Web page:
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Wednesday, June 21, 2017 @ 02:39 PM

Ontario plans new courthouse for Halton Region

Ontario is investing in a new courthouse in Oakville that will help families settle disputes faster, reduce time to trial and better serve the needs of people living and working in Halton Region. ... [read more]

Wednesday, June 21, 2017 @ 08:48 AM

DOMESTIC CONTRACTS AND SEPARATION AGREEMENTS - Types - Separation agreements - Consensus, lack of - Misrepresentation - Fraudulent or intentional misrepresentation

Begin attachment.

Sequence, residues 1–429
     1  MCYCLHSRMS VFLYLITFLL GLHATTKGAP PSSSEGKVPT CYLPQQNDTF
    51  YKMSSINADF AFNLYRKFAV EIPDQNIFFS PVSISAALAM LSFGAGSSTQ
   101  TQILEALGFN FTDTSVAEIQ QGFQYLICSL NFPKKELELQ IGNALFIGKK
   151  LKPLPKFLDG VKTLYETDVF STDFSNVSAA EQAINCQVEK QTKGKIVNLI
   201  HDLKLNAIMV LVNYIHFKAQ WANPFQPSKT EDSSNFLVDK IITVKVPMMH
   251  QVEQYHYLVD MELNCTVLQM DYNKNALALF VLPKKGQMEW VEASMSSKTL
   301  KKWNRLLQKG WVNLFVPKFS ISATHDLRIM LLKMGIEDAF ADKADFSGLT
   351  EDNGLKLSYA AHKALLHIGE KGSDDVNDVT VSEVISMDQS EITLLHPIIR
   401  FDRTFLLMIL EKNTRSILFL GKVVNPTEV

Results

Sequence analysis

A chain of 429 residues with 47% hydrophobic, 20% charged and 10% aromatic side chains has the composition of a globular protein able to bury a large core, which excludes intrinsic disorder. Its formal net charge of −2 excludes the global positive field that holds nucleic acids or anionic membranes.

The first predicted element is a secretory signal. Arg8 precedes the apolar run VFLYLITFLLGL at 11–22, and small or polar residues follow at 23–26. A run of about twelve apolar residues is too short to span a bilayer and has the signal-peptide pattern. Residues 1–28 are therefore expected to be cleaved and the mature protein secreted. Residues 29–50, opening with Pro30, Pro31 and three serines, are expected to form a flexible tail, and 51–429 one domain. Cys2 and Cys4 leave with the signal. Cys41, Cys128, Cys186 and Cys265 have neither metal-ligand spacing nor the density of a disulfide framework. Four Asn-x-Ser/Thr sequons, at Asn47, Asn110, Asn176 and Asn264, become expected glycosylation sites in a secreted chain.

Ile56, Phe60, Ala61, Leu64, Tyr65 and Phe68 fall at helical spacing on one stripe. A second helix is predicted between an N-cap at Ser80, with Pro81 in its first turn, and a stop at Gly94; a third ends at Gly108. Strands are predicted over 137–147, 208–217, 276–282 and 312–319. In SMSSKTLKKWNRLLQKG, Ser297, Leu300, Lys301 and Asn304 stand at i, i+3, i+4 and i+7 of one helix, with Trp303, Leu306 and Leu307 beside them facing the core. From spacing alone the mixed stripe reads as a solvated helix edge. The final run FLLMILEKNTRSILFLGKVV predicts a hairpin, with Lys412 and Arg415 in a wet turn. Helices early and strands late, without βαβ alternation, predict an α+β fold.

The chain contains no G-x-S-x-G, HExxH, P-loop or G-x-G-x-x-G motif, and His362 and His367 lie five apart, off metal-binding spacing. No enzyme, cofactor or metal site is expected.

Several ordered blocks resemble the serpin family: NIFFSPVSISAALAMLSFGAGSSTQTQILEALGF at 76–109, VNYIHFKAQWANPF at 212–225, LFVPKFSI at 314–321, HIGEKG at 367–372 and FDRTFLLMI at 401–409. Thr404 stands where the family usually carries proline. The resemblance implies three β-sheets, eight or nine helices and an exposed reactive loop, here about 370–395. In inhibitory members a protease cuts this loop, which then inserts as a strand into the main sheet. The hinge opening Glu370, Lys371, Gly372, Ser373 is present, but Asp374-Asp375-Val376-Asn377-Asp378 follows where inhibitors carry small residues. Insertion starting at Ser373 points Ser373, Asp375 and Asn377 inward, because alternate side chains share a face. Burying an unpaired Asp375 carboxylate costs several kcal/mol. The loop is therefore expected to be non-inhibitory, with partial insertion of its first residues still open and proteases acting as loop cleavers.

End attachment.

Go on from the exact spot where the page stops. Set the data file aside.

Appeal by the husband from an order setting aside the parties’ separation agreement, awarding the wife equalization, and ordering the husband to pay retroactive child support of $450,000. The parties met in 1991 when the wife worked as a lawyer and the husband and his businesses were clients of the firm where she worked. They moved in together in 1993 and the husband commenced divorce proceedings against his former wife. The wife started working exclusively for the husband and his companies in 1993. The parties’ three children were born in 1994, 1997 and 1999. The husband’s outstanding family law proceedings with his former wife were settled in 1999. The wife left the practice of law in 2001. The parties separated in 2008. The wife accepted the husband’s figures for the valuation of their family property and agreed that she owed him almost $1 million in equalization. In their 2008 separation agreement, the wife was released from her obligation to make a $954,150 equalization payment. No child support was to be paid because the children were to spend equal time with both parties. The issue of child support was to be reviewed yearly after 2010. After she signed the agreement, the wife became concerned that the husband had overvalued the corporate assets he brought into the relationship, resulting in her owing him an equalization payment. Documents that were filed in the husband’s first divorce proceedings established that he essentially brought no assets of value into his second marriage. The wife applied in 2009 to set aside the separation agreement based on the husband’s misrepresentations about his assets, but her claim was summarily dismissed because she had failed to conduct her own investigation into the values when she had the opportunity to do so. She succeeded on appeal. The appeal judge found that the wife bore no onus to inquire about the veracity of the husband’s figures in circumstances where he made deliberate material misrepresentations. A trial was ordered, at which the husband was found to have intentionally misrepresented the value of his corporate holdings at the date of the marriage at $6 million over their actual value. The trial judge gave no value to litigation assets the husband claimed he was entitled to at the date of the marriage, finding that the deluge of litigation in which the husband was then involved and the lack of credible evidence upon which to determine the likelihood of settlement about any of the litigation receivables claimed precluded a reasonable assessment of their value. Retroactive child support was ordered because the wife’s post-separation income was lower than anticipated, while the husband’s was higher than anticipated, and because the husband had engaged in blameworthy conduct in misrepresenting his assets. ... [read more]